translation of the text, but unlike the Stone, this book does not contain the
complete Jewish Bible; it is just a
chumash. The primary advantage of this
text is its extensive commentary: footnotes routinely occupy one-third of each
page, compiling information from a wide variety of traditional Jewish
commentaries on the Bible, as well as relevant archaeological findings, and
there are lengthy discussions of major topics at the end of each book. Of
course, the book is very old, so many of the "recent" archaeological and
scientific discoveries discussed in the footnotes were from the 1920s.
Nevertheless, until 10 or 20 years ago, this was the book used by most
synagogues, and by many non-Orthodox
synagogues. It has largely been replaced by the Stone Tanakh (above) in
Orthodox synagogues and the Etz Hayim (below) in Conservative synagogues. The
main down side of this publication: the English translation is the original
1917 JPS translation, which appears to be based on the Christian KJV
translation. It is somewhat archaic and occasionally includes some of the
Christian bias that is found in the KJV. Editor Hertz responds to the Christian
bias in his annotations, but why not just fix the translation?
- Etz Hayim, Jewish Publication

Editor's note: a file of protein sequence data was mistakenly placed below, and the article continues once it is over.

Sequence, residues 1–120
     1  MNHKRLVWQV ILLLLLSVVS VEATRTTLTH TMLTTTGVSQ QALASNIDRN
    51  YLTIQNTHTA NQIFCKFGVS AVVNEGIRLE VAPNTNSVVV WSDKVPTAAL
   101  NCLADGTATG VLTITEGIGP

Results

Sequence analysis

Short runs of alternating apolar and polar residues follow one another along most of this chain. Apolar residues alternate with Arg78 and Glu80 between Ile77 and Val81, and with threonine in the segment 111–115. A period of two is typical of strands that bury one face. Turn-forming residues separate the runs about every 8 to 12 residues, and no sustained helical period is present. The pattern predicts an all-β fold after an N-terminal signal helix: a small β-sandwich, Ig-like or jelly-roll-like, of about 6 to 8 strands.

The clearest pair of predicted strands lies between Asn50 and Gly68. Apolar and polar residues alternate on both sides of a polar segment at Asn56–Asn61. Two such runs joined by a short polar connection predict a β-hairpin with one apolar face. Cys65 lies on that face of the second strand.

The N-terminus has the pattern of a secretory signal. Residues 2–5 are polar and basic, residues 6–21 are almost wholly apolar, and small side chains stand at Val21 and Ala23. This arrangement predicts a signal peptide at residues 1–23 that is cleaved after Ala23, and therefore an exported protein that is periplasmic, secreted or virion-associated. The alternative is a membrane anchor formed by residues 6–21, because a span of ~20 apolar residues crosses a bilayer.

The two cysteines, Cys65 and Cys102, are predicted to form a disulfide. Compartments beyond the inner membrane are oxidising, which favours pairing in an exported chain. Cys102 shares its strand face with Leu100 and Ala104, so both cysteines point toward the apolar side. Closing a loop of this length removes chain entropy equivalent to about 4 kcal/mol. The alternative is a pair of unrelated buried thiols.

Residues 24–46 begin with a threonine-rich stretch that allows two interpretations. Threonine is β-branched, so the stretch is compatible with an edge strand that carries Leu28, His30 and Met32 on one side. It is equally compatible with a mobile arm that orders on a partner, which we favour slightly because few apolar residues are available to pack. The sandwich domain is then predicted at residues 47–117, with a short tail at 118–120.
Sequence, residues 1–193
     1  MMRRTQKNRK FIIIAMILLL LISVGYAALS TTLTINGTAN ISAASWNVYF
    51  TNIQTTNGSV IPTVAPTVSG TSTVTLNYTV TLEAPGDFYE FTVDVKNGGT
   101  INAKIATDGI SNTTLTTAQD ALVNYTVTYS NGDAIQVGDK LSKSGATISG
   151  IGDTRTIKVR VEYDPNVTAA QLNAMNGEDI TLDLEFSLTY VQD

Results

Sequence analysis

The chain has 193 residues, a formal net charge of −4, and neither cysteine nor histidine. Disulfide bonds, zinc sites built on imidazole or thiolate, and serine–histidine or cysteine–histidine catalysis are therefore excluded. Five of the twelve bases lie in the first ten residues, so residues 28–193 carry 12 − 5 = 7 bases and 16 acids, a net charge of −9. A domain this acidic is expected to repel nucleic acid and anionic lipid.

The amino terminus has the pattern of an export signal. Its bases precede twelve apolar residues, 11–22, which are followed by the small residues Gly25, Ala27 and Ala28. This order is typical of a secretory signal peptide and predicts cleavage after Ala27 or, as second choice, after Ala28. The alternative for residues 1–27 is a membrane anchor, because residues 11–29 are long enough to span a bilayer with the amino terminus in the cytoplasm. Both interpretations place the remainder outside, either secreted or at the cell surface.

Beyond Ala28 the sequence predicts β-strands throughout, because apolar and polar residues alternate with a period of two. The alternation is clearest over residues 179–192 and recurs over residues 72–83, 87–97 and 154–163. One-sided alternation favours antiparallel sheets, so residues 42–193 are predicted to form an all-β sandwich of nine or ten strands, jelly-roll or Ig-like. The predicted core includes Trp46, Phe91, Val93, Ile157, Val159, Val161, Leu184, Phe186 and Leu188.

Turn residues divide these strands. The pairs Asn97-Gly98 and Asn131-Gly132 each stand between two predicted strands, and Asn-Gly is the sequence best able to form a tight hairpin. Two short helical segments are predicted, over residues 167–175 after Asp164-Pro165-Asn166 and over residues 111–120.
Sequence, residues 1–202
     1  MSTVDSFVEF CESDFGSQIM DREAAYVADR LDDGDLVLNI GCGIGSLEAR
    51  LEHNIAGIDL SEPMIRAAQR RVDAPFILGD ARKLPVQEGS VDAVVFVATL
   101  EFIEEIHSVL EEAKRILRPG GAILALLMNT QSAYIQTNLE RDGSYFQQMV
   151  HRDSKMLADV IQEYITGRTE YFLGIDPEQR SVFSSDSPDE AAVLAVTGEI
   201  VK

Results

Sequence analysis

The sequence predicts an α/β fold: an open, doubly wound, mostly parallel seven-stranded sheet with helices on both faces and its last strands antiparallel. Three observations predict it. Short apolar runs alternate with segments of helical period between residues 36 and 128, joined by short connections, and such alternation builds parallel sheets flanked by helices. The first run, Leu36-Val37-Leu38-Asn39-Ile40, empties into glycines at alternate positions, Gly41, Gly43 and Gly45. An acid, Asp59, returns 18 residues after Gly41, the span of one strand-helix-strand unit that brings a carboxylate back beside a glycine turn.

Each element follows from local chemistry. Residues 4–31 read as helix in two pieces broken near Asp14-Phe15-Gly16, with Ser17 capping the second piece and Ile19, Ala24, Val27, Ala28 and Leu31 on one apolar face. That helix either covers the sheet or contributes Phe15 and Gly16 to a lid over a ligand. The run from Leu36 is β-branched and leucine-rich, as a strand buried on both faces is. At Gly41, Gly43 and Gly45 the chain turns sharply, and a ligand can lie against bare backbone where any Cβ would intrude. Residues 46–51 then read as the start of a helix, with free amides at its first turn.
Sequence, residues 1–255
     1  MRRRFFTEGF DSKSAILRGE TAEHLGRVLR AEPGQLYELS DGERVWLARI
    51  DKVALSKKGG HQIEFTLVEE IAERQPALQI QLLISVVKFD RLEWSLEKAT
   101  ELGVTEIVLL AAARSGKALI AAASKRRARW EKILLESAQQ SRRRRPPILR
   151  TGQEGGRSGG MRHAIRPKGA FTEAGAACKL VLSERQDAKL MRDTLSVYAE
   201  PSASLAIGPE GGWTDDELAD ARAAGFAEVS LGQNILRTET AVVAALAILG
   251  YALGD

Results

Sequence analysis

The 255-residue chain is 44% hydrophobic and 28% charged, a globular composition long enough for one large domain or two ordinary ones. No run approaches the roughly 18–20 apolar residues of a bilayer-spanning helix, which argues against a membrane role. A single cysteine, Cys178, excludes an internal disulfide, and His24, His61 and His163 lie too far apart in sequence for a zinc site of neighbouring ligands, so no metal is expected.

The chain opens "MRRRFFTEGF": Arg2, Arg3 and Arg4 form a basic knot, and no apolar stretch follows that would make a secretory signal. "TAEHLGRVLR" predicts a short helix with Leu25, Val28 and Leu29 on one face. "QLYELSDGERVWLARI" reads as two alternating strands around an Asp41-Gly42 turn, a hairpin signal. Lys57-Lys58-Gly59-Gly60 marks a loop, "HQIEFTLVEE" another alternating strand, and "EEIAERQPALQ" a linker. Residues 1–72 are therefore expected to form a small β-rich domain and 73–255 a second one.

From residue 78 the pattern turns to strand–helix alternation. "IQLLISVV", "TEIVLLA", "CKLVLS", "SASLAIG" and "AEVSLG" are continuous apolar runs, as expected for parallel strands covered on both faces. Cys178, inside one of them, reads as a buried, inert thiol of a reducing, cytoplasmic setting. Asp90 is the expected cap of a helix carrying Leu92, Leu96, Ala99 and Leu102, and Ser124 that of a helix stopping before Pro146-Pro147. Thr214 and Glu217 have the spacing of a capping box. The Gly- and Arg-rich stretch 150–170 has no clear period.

- This book, first published in 2003, has rapidly overtaken the Hertz as the
chumash of choice for
synagogues. Like the Hertz, it is only
a chumash, containing only the Torah
(Genesis, Exodus, Leviticus, Numbers and Deuteronomy) along with the
Haftarot (corresponding readings from
the prophets), with both Hebrew and English, and extensive commentaries. The
commentaries in this chumash often lean toward the fashionable
skeptical/critical approach, highlighting supposed contradictions and errors in
the Torah without giving much consideration to well-established traditional
responses to these apparent problems. However, the commentaries also include a
wealth of information about recent archaeological findings ("recent" in this
case being 1990s, rather than the "recent" 1920s of the Hertz) that shed light
on what we see in the Torah, making this chumash a worthwhile read even if you
prefer a more traditional interpretation of the material.
- To Be a Jew, Rabbi Hayim Halevy Donin, Basic Books
- The best resource on Orthodox Jewish belief
and practice that is readily available to the general public. Donin begins with
an extensive discussion of Judaism's underlying beliefs and ethical structure,
then proceeds to discuss Shabbat,
kashrut, family life, holidays, marriage,
divorce, death and mourning, and many other important aspects of Jewish
practice. Donin provides complete details on Orthodox customs as well as the
elements necessary to fulfill the various commandments related to each of the
subjects he discusses. Some find his presentation rather dry and technical. The